Stevens-Johnson Syndrome, Toxic Epidermal Necrolysis, And Erythema Multiforme Are Associated With Revlimid Use
(Posted by Tom Lamb at DrugInjuryWatch.com)
The Summer 2008 edition of the US FDA's Drug Safety Newsletter included an article concerning Revlimid (lenalidomide), a thalidomide analogue marketed by Celgene Corp.
Revlimid was approved initially by the FDA in December 2005 to treat a bone-marrow disorder known as myelodysplastic syndromes. Revlimid was later approved for multiple myeloma, a type of blood cancer.
This FDA newsletter article, titled "Lenalidomide (marketed as REVLIMID) -- Serious skin reactions", reviews 14 postmarketing reports of serious skin reactions possibly linked to Revlimid.
In more detail, this FDA article about the safety of Revlimid includes a discussion of the differences between Stevens-Johnson syndrome (SJS), toxic epidermal necrolysis (TEN), and erythema multiforme (EM). The article also provides details about the 14 case reports of serious skin reactions in patients using Revlimid, going into some depth with two cases in particular.
The Summer 2008 Drug Safety Newsletter Revlimid article concludes as follows:
Although some patients in this case series may have received previous or concurrent medications labeled for SJS/TEN (see above), in all cases, the skin reactions manifested while patients were taking lenalidomide. Some of these patients recovered or improved after discontinuation of lenalidomide. Lenalidomide is an analogue of thalidomide, a drug which is known to cause SJS/TEN, strengthening the probable association between lenalidomide and SJS/TEN in one case. In all cases, the events were serious, required hospitalization and/or medical interventions.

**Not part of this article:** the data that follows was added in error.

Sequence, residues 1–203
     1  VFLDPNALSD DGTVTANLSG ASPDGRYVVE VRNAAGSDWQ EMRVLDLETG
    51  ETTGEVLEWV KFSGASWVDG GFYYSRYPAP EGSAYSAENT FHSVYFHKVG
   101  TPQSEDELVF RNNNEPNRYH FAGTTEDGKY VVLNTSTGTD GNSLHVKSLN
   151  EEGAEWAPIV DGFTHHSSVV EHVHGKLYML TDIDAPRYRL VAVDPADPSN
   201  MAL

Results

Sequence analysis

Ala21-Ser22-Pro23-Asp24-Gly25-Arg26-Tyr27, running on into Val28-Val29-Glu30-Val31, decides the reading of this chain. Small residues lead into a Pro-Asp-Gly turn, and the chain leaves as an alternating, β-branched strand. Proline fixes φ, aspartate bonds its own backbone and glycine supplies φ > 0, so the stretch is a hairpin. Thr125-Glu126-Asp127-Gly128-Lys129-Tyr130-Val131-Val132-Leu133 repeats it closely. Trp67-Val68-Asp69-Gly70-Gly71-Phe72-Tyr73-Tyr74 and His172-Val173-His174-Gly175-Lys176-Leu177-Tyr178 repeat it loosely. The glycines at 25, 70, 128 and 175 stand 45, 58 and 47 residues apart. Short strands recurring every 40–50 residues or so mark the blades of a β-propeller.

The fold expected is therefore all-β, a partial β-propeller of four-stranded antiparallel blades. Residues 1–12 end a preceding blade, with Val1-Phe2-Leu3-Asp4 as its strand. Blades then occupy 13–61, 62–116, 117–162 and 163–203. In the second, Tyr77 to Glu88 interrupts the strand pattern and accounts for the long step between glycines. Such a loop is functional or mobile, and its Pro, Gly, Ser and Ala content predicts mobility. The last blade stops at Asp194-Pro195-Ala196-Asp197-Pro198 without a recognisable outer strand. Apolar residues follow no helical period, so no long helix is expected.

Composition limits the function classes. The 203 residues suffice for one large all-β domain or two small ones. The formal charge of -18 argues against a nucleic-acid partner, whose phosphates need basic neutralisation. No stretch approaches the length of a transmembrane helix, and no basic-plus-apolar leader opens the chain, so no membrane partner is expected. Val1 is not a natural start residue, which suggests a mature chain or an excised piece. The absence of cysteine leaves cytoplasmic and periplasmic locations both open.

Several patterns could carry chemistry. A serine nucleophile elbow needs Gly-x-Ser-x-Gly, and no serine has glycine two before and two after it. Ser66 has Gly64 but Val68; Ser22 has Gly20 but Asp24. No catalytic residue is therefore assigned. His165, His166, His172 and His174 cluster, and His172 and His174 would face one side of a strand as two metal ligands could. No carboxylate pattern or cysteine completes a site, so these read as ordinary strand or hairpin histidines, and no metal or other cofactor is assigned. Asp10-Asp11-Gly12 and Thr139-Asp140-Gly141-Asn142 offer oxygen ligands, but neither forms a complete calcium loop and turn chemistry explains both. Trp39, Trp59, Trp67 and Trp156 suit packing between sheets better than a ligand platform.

This case series suggests that serious dermatologic reactions, including Stevens-Johnson syndrome and toxic epidermal necrolysis, may occur with lenalidomide therapy.
FDA encourages physicians to:
- Be aware of the possibility of rare serious skin reactions when prescribing lenalidomide
- Discontinue lenalidomide treatment if a skin rash occurs and only resume lenalidomide therapy after appropriate clinical evaluation
- Discontinue and not resume lenalidomide treatment if the rash is exfoliative, purpuric, or bullous, or if Stevens-Johnson syndrome or toxic epidermal necrolysis is suspected
A September 19, 2008 Wall Street Journal article, "FDA Says Celgene Drug May Cause Skin Reaction", provides some additional information:
Earlier this month, Revlimid appeared on a list of about 20 drugs that the FDA said it was investigating after receiving reports of various postmarketing safety issues, but details weren't released....
Brian Gill, a spokesman for Summit, N.J.-based Celgene, said it was likely the label for Revlimid would be updated to include reports of the skin reactions. He said about 60,000 patients have been treated with Revlimid.
Insofar that it is estimated that just one out of ten adverse drug reactions are reported to the FDA, it is reasonable to suppose there are more cases of SJS, TEN, and EM in patients using Revlimid in addition to the 14 covered in this Summer 2008 FDA newsletter article.
We will continue to watch for reports of Revlimid causing these serious skin side effects, and if you are aware of such an instance, please share your information with our readers by submitting a Comment, below.